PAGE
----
Lavender Ceremony Honors LGBTQ Grads

Susquehanna University Lavender Graduation
Susquehanna University Lavender Graduation

May 07, 2019

Susquehanna University held its first-ever Lavender Graduation Ceremony, an event to honor lesbian, gay, bisexual, transgender, queer and ally students by acknowledging their achievements and contributions to the university.

The celebratory scene was one that David German ’84 could scarcely have imagined when he was a student, and he shed some happy tears at the sight of it.

“This is very moving for me,” German said. “It’s really quite amazing how things have changed.”

German described his college experience as fulfilling, but lonely. A member of SU’s track team, a resident advisor and active in drug and alcohol awareness initiatives, German was a popular student on campus. He had many friends both on and off the track team. But he never felt free to truly be himself.

As he told the crowd assembled at the ceremony, it wasn’t until after he naively endured conversion therapy that left him feeling suicidal that he finally found his way out of the darkness.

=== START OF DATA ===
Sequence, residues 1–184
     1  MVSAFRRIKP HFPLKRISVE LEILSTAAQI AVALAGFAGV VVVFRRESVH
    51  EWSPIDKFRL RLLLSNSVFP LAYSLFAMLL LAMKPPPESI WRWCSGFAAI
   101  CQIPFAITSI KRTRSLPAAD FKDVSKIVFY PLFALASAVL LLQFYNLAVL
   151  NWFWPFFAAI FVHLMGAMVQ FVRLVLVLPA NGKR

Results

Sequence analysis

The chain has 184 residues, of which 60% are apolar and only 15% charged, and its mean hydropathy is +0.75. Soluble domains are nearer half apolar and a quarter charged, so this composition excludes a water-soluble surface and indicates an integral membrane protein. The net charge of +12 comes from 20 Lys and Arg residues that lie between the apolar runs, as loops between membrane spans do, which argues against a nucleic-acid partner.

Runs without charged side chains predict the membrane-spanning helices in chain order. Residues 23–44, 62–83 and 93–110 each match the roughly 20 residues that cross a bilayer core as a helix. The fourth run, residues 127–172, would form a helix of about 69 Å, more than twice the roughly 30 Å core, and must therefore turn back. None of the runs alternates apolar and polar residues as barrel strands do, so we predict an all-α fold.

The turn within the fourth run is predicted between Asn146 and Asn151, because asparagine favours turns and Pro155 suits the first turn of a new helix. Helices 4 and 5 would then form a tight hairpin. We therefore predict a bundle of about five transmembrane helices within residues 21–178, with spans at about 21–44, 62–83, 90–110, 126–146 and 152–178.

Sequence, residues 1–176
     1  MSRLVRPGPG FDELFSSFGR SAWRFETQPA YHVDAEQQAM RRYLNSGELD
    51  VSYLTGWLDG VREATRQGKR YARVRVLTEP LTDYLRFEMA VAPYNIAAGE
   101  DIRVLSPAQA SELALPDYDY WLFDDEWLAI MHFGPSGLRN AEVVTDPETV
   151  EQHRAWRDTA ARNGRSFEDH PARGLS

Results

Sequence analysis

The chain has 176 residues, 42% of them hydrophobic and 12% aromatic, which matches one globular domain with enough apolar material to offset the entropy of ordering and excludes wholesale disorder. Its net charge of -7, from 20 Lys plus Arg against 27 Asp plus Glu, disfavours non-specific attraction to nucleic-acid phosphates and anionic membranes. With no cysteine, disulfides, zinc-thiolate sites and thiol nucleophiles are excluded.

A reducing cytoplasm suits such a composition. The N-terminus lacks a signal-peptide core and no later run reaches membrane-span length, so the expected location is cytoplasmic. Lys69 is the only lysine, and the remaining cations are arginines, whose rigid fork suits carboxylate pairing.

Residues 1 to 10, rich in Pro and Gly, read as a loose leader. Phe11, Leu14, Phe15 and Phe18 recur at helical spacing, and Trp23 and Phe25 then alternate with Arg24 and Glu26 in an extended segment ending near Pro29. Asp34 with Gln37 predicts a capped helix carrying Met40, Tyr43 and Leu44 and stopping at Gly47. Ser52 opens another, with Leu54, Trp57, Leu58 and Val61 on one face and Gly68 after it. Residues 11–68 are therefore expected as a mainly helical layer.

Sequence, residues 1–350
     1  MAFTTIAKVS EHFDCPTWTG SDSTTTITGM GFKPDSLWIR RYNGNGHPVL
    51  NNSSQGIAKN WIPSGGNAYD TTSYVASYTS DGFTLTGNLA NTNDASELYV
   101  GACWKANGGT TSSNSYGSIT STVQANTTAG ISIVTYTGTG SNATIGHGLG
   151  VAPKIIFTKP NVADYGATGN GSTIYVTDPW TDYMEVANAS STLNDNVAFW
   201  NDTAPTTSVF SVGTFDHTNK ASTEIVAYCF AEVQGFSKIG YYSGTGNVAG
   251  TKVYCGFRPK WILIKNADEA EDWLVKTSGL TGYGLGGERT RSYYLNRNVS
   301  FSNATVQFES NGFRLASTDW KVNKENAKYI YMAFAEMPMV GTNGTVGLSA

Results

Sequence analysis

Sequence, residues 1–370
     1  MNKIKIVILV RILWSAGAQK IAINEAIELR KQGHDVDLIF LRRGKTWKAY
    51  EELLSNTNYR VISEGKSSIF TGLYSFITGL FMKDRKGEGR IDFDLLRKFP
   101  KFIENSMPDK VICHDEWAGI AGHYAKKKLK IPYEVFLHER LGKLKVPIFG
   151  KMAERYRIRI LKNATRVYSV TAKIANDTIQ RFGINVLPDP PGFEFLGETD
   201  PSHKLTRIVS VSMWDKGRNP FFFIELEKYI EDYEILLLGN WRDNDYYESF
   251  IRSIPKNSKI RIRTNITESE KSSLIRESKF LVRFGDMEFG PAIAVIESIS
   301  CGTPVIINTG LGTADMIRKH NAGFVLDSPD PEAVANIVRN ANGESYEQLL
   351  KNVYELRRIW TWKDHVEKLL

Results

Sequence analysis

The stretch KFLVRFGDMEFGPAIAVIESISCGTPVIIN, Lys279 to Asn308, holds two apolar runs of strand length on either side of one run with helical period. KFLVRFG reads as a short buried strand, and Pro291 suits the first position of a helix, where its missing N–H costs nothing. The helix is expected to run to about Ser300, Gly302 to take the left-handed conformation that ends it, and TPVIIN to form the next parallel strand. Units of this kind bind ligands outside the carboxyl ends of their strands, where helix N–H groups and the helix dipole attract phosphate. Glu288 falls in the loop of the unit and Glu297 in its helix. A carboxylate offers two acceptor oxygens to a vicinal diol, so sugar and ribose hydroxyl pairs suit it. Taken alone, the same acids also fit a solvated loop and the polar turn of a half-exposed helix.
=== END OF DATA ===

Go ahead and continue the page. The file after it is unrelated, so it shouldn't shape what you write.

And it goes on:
Today, he is happily married to his husband, Andrew, and they have two sons, Ben, 17, and Matthew, 12. He is an assistant clinical professor of psychiatry and behavioral sciences at George Washington University’s School of Medicine and Health Sciences.

He said he has high hopes for the future of the current graduates.

“It doesn’t mean all is good,” German said. “There may be students who aren’t out to their families, who were afraid to come. I think that would have been me 35 years ago. But I hope everyone came tonight who wanted to.”

Each graduating senior at Susquehanna’s ceremony received a lavender cord to wear during next week’s commencement exercises, if they choose. Lavender is the chosen color for its significance to LGBTQ history. It is a combination of the pink triangle that gay men were forced to wear in concentration camps and the black triangle designating lesbians as political prisoners in Nazi Germany. The LGBTQ civil rights movement combined these symbols of hatred, making them symbols of pride and community.